Tokay geckos are bright, beautiful lizards. You can encounter them both in the wild and in a home terrarium. In parts of Southeast Asia, they’re considered a sign of good luck. But you should think carefully before bringing one home — tokay geckos do best with experienced owners.
What Are Tokay Geckos?
The scientific name for the tokay gecko is Gekko gecko. They’re naturally found in many countries, including:
Human activity has spread these lizards around the world — including to the U.S., where you can find tokay geckos in both Florida and Hawaii.
Tokay geckos are arboreal creatures. This means that the tokay gecko habitat is in the trees and on the cliffs of tropical rainforests.
What Are a Tokay Gecko’s Physical Characteristics?
The exact color of a tokay gecko depends on the lighting. In darker, shaded areas, they have pale gray bodies with distinct blue spots. In the light, their bodies take on a darker gray color and the spots appear reddish. This color variation makes it easier for them to blend into the background.
The tokay gecko size is larger than most gecko species. They’re about 2 to 3 inches in length when they hatch and grow to an average of 12 inches long. The males are slightly larger and brighter than the females.
The adult bodies are essentially squat cylinders that are slightly flattened on top. Their four limbs are well-defined, and their heads appear large in relation to their bodies. The skin that covers their bodies has a granular appearance and velvety texture.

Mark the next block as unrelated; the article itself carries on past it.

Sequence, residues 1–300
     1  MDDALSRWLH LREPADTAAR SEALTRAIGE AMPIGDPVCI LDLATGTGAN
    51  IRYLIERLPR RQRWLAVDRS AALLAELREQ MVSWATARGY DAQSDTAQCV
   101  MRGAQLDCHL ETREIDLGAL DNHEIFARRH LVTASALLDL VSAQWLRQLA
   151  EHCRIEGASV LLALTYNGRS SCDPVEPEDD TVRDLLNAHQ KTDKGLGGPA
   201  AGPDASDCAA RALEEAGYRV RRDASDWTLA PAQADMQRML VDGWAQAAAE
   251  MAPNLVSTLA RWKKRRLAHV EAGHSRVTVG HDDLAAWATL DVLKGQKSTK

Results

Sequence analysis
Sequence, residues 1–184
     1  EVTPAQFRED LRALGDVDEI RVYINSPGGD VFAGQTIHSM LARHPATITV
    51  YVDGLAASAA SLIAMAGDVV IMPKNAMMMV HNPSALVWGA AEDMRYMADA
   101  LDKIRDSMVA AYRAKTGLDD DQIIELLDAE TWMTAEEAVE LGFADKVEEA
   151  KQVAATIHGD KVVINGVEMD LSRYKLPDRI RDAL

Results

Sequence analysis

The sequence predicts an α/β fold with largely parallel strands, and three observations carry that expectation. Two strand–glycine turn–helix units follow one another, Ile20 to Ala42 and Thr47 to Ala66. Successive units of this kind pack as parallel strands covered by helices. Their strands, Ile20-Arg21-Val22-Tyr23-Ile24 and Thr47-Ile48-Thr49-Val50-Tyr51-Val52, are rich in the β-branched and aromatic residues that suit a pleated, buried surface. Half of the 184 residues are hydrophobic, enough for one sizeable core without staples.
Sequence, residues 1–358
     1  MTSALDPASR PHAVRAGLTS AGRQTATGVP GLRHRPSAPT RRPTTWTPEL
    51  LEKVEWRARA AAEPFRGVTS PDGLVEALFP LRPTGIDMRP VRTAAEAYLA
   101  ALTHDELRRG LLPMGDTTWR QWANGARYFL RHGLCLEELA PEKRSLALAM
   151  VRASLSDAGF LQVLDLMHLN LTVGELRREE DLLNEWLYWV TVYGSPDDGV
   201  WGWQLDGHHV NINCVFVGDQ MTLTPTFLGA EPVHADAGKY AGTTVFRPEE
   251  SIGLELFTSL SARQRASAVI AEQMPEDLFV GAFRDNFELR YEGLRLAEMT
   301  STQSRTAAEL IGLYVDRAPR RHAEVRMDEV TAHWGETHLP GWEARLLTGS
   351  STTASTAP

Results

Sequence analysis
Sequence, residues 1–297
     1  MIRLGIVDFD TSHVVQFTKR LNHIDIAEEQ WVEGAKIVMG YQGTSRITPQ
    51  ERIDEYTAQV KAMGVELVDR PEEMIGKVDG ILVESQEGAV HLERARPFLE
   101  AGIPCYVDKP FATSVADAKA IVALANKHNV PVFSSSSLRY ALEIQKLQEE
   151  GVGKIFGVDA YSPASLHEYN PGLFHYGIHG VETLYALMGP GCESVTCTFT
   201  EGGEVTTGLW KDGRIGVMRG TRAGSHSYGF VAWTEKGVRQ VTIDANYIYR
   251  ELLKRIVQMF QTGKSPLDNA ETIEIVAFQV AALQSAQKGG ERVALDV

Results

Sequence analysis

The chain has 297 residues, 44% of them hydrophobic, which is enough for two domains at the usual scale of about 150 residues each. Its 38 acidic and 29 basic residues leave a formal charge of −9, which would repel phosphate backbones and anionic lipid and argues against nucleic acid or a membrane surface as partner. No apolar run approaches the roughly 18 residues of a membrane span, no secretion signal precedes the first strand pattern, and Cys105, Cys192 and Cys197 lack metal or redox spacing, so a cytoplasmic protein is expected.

Their prominent eyes have vertical-slit pupils. Tokay geckos also have a roughly formed third eye in the center of their foreheads that senses light.
A tokay gecko's ears are two open holes, one on each side of the head. Look through one, and you should be able to see straight through the gecko's head and out the other ear.
The tokay gecko lifespan is an average of 10.5 years. Be prepared to spend about a decade with this pet if you bring one home.
What Unique Traits Do Tokay Geckos Have?
Tokay geckos — and geckos in general — have several intriguing adaptations that have allowed them to survive and thrive in their native environments. These include:
- Lamellae on their toe pads. These are tiny filaments that are small enough to fit into the slightest imperfections on an object’s surface — even something as smooth as glass. The lamellae allow them to walk around on vertical surfaces and ceilings.
- Detachable tails. Like most lizard varieties, tokay geckos can detach part or all of their tails. This allows them to escape from predators. It takes them three weeks to grow a new tail. But it comes back shorter than the original.
- Jacobson’s organ. This is a special organ that some lizards have that allows them to detect scent particles in the air with their tongues. Their tongues transfer the scent particles to their palates. The particles enter Jacobson’s organ through holes in the palate.
What’s the Tokay Gecko Personality?
Tokay geckos aren’t particularly friendly pets. Most geckos become stressed with human contact and like to be left alone. This is particularly true for tokay geckos.
Tokay geckos have powerful bites and sharp teeth. Once they clamp on, you won’t be able to get them off until they want to let go. These bites can: